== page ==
Shorter, colder days have an instant effect on gardening activities, whether it’s your profession or hobby.
However, others emerge to take their place. This period more than any other spells déjà vu for me.
Gone with summer is the weekly commitment to grass cutting, feeding and watering of outdoor plants, the constant check for pests and diseases and everything else the main growing season brings.
But don’t for one moment think that gardening can be put on hold. Digging, pruning, mulching, planting, turfing and all manner of repairs lie in wait.
If you’re lucky enough to have a greenhouse, poly-tunnel or shed, sanity and survival can be achieved by dividing activities between outdoors and under cover.
Traditionally, this is seen as an opportunity to clean, sharpen and oil tools. Also to maintain the machines and store them for winter as in days of yore.
But gardening activities have changed with the climate. My mower is serviced but remains mobile because in recent winters the grass has refused to rest completely. It enhances the whole garden if you give a ragged lawn the once-over with raised cutting blades in January.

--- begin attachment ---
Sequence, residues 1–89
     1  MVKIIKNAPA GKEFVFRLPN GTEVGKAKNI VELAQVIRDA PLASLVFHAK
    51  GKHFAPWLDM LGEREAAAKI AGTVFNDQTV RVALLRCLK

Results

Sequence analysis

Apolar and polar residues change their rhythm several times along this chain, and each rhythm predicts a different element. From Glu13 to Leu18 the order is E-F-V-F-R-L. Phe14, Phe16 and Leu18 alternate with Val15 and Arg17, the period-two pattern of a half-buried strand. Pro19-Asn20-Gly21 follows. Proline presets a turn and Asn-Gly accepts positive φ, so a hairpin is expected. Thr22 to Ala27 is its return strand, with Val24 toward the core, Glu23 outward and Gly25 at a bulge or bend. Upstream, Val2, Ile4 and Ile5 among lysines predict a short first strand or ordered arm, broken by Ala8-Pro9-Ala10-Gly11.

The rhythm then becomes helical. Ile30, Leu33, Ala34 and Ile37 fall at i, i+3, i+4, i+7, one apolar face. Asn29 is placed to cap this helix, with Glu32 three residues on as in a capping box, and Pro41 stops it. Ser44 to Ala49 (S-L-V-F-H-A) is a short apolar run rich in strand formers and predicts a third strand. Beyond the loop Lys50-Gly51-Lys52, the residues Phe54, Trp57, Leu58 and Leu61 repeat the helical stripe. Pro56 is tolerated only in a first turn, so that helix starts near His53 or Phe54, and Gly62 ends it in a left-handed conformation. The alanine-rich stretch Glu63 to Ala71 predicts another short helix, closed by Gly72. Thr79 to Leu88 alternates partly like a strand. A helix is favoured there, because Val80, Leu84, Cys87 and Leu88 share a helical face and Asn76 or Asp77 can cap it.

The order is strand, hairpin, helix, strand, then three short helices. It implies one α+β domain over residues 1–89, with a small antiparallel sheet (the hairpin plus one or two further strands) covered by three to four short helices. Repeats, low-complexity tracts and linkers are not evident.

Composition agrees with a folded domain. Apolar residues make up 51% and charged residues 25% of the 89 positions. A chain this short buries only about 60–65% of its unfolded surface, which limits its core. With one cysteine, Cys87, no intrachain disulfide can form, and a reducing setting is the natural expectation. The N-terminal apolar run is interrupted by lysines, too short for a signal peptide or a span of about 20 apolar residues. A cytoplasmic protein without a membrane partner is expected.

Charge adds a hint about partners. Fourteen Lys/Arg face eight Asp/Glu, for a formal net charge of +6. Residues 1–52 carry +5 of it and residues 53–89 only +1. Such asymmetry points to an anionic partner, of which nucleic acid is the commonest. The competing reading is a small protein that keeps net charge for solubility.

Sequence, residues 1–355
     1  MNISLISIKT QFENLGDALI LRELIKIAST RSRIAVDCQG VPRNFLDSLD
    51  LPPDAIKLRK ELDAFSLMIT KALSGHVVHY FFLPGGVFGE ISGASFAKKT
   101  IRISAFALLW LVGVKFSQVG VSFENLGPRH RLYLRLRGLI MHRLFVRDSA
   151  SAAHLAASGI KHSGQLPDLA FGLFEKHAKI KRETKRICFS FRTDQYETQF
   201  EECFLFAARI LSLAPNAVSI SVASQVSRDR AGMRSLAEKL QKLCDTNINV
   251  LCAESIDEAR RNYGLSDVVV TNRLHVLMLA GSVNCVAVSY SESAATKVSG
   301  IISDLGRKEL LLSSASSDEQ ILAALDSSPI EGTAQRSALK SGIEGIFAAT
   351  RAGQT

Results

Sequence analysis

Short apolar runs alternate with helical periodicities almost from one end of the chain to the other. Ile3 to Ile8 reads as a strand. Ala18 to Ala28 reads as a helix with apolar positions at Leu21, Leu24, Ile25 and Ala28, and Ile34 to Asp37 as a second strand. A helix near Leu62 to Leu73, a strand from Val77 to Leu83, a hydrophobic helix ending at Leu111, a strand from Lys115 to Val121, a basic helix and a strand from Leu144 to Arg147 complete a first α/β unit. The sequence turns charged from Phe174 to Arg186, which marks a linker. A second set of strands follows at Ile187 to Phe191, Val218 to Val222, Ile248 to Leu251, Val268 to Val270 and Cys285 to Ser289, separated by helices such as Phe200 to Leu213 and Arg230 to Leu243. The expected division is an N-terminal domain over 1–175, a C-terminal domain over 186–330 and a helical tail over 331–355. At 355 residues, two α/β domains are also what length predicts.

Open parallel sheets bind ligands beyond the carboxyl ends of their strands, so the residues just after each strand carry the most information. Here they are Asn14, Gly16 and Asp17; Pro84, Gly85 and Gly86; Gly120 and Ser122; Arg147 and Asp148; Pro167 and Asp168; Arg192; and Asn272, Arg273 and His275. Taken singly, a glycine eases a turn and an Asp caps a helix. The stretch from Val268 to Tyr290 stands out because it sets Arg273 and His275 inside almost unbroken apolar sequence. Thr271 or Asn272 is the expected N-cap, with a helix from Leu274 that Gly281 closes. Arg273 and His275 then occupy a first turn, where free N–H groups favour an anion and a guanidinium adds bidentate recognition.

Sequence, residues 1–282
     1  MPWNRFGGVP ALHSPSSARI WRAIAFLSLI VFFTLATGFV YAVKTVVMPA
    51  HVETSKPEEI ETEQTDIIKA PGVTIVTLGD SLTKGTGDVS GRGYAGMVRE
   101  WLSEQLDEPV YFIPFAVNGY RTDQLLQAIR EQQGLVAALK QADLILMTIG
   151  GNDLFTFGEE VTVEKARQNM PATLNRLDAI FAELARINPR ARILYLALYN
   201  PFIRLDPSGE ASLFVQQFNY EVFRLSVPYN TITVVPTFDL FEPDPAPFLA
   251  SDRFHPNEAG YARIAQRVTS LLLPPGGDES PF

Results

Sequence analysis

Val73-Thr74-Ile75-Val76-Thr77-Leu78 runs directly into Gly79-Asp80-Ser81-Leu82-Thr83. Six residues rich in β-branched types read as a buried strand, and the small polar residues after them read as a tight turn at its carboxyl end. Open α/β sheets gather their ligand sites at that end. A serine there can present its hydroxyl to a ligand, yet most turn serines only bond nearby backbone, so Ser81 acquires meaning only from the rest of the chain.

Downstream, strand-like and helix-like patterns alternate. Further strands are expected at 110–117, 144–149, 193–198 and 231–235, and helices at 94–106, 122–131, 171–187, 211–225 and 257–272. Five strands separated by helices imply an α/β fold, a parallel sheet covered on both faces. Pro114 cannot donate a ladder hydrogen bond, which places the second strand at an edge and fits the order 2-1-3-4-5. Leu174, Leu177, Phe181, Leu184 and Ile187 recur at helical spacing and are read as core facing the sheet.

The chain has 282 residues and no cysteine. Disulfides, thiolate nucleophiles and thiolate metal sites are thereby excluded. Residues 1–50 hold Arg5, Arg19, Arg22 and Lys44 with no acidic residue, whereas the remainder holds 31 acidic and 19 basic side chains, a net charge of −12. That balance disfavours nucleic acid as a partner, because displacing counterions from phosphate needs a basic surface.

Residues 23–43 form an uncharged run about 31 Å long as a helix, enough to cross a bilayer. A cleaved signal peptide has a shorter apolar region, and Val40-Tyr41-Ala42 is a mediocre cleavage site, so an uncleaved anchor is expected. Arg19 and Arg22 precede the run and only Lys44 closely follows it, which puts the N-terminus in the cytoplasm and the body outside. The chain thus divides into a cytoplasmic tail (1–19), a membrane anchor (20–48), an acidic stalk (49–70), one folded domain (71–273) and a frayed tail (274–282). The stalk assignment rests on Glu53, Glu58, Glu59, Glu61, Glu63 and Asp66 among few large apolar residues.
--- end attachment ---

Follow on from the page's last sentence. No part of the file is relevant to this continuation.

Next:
Nor do the forks, spades, long-handled pruners, saws, trowels, et al have any chance of oil-covered rest – there are too many pressing jobs outside. And when the cold becomes too much, there are always plant pots and trays to wash and clean, along with the greenhouse, thus ensuring a hygienic start to spring.
Thankfully, hot water is on tap now, a far cry from the domestic bath of icy substance this apprentice once washed clay and plastic pots in.
Warmer memories of youthful winter days relate to the joy of steam sterilising garden loam, which had been stacked for months, and making batches of John Innes compost.
Better still, the greenhouses filled with late chrysanths, disbudded to encourage huge blooms. Then, in the inner sanctum of a large, heated greenhouse, invaluable winter flowering pot plants that could surely raise anyone’s spirits.
This is why I aim to be surrounded by a diversity of potted plants in the conservatory each year as the festivities approach. I’ve known them all so well for so long that they’re like old friends.
There’s no need for Dr Who’s Tardis when winter cherry (solanum capsicastrum), cyclamen, azalea indicum, poinsettia (euphorbia pulcherrima), primula obconica, Christmas cactus (zygocactus truncatus), hippeastrum, narcissus Paper White and hyacinth Delft Blue can transport you back in time just as effectively!